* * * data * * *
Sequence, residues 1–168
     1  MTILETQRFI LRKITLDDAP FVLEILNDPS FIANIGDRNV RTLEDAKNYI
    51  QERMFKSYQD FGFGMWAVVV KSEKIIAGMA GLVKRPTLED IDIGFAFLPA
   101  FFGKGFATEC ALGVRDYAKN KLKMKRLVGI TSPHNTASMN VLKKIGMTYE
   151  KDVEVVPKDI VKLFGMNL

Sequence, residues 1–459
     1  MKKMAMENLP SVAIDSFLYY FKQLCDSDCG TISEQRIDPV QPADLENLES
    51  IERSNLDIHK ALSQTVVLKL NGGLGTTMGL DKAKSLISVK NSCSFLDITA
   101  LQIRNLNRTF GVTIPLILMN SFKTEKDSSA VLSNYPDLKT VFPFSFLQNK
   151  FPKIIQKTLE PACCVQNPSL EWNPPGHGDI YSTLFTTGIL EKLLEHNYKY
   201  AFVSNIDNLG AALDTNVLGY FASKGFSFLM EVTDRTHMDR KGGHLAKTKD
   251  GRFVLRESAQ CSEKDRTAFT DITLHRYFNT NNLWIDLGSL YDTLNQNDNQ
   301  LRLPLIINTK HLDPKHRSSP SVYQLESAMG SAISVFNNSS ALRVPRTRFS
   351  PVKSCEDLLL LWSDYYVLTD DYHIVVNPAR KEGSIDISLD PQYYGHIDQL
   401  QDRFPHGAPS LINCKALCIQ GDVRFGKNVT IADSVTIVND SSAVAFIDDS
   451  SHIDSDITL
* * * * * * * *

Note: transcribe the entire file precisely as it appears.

Sequence, residues 1–168
     1  MTILETQRFI LRKITLDDAP FVLEILNDPS FIANIGDRNV RTLEDAKNYI
    51  QERMFKSYQD FGFGMWAVVV KSEKIIAGMA GLVKRPTLED IDIGFAFLPA
   101  FFGKGFATEC ALGVRDYAKN KLKMKRLVGI TSPHNTASMN VLKKIGMTYE
   151  KDVEVVPKDI VKLFGMNL

Sequence, residues 1–459
     1  MKKMAMENLP SVAIDSFLYY FKQLCDSDCG TISEQRIDPV QPADLENLES
    51  IERSNLDIHK ALSQTVVLKL NGGLGTTMGL DKAKSLISVK NSCSFLDITA
   101  LQIRNLNRTF GVTIPLILMN SFKTEKDSSA VLSNYPDLKT VFPFSFLQNK
   151  FPKIIQKTLE PACCVQNPSL EWNPPGHGDI YSTLFTTGIL EKLLEHNYKY
   201  AFVSNIDNLG AALDTNVLGY FASKGFSFLM EVTDRTHMDR KGGHLAKTKD
   251  GRFVLRESAQ CSEKDRTAFT DITLHRYFNT NNLWIDLGSL YDTLNQNDNQ
   301  LRLPLIINTK HLDPKHRSSP SVYQLESAMG SAISVFNNSS ALRVPRTRFS
   351  PVKSCEDLLL LWSDYYVLTD DYHIVVNPAR KEGSIDISLD PQYYGHIDQL
   401  QDRFPHGAPS LINCKALCIQ GDVRFGKNVT IADSVTIVND SSAVAFIDDS
   451  SHIDSDITL